The Obama Building opens in Detroit’s Old Redford neighborhood

'The Obama' opens in Detroit's Old Redford neighborhood
'The Obama' opens in Detroit's Old Redford neighborhood

A $3.6 million renovation of a historic bank building in Detroit’s Old Redford neighborhood opened this week -- and it’s paying homage to a former U.S. president.

The Obama Building, named after, of course, former U.S. President Barack Obama, opened after renovations. The development will bring four affordable, loft apartments and 8,800 square feet of retail space to the corner of Grand River Avenue and Lahser Road.

The Obama is the second completed project citywide to receive funding through Mayor Mike Duggan’s Strategic Neighborhood Fund initiative, a public-private partnership administered by Invest Detroit that raises funds from philanthropic partners and then invests that money into 10 neighborhoods spread across the city, including Old Redford.

The building’s name comes from a painting of former President Barack Obama and first lady Michelle Obama dancing by Detroit artist Chazz Miller that hung on the abandoned building for years before The Platform began renovating the structure in November of last year. The painting has been restored and preserved and will be prominently displayed inside the building.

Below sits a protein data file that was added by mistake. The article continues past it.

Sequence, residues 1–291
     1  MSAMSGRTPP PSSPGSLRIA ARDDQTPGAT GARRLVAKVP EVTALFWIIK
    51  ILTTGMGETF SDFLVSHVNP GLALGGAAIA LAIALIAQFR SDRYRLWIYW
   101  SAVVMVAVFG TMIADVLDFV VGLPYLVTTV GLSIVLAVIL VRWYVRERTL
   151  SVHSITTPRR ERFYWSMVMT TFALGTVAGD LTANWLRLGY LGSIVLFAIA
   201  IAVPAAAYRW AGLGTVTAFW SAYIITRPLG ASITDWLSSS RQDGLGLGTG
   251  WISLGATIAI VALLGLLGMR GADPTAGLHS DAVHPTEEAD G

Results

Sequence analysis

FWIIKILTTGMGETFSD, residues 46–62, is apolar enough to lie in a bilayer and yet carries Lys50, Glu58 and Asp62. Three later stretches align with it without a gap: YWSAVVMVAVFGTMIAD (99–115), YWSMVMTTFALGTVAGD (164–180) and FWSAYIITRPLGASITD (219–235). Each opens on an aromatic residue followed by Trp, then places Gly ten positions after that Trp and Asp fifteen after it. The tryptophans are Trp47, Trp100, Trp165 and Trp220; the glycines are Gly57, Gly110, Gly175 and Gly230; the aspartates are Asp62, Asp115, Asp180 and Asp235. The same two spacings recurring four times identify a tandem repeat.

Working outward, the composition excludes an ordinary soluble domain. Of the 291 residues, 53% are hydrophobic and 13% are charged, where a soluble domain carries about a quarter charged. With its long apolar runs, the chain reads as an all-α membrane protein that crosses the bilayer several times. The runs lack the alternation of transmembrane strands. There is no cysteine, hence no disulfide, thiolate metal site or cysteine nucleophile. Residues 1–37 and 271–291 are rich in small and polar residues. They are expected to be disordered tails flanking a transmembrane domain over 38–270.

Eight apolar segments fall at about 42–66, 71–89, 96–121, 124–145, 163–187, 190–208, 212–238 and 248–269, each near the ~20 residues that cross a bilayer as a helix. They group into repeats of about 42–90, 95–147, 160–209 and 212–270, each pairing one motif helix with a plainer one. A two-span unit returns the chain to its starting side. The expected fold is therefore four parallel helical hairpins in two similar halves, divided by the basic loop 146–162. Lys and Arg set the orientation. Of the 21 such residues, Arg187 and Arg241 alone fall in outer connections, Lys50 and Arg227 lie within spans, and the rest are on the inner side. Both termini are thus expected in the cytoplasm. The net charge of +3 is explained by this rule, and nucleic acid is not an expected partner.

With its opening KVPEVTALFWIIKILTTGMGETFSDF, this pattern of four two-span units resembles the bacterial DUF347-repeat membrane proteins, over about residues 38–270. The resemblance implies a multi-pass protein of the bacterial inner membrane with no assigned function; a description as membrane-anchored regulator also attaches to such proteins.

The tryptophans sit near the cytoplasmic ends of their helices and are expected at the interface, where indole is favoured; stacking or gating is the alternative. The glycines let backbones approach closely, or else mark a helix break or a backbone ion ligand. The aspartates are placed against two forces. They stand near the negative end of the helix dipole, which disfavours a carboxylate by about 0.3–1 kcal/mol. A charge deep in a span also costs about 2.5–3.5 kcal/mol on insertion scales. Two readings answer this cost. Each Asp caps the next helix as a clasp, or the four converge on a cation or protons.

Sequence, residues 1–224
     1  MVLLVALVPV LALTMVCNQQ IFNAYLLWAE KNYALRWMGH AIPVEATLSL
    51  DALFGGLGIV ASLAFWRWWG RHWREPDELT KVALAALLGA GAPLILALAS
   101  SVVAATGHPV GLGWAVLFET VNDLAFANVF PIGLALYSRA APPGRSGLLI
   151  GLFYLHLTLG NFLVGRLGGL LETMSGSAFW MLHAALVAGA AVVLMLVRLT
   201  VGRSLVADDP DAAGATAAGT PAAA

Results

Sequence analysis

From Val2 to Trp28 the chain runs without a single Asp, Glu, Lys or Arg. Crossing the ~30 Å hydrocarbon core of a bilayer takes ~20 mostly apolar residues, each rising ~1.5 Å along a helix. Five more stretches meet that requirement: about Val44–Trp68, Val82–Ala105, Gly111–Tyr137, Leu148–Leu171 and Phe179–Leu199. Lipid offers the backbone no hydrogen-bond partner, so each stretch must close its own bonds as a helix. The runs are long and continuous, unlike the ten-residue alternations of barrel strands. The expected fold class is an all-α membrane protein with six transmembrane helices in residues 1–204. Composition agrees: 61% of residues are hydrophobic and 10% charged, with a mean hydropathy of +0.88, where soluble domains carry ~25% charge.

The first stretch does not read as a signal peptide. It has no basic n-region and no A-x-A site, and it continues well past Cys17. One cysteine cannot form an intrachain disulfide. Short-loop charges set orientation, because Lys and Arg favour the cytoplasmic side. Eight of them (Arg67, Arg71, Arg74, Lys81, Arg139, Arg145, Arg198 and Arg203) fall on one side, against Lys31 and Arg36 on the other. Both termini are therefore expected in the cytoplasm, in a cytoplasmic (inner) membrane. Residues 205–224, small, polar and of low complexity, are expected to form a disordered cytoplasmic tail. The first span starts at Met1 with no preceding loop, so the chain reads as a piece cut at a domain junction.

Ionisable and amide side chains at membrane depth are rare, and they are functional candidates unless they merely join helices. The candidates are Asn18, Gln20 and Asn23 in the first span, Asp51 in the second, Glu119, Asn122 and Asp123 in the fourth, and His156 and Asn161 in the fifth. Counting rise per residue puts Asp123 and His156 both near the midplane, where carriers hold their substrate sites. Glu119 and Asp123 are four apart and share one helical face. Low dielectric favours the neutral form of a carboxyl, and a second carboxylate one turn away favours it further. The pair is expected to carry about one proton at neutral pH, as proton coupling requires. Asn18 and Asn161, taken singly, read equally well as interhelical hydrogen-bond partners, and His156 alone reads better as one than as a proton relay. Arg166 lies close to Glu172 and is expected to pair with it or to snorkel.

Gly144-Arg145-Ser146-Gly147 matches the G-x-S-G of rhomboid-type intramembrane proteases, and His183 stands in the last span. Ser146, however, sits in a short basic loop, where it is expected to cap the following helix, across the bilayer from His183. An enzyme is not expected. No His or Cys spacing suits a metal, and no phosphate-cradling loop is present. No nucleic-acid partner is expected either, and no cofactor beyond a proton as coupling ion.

In addition to providing much-needed high quality affordable housing opportunities, the project will support neighborhood retail and local entrepreneurs, helping to extend the mission of the Strategic Neighborhood Fund (SNF). The Obama is the first SNF-funded development to open in the neighborhood since Mayor Mike Duggan’s December 2018 announcement in Old Redford that the fund was being expanded and would include the neighborhood.

“Completing the rehabilitation of the Obama Building represents a high point of our work in Detroit,” said Peter Cummings, CEO of The Platform. "Our team is committed to making a difference in the neighborhoods — in this case, historic Old Redford. This is a classic example of the private sector partnering with foundations and government to accomplish together what none of us could have accomplished on their own. Kudos to the State of Michigan, the Fisher Foundation, Horizon Bank, and Flagstar Bank, through the Strategic Neighborhood Fund, for supporting this effort.

The building was originally a Peoples State Bank branch and designed by architect C. William Palmer. It opened in 1917, nine years before Redford was annexed by the city of Detroit. After the bank closed in 1931, a likely victim of The Great Depression, the building was home to Stein’s Department Store, among other tenants.

For more information on the Obama Building and leasing opportunities, visit: www.obamabuilding.city


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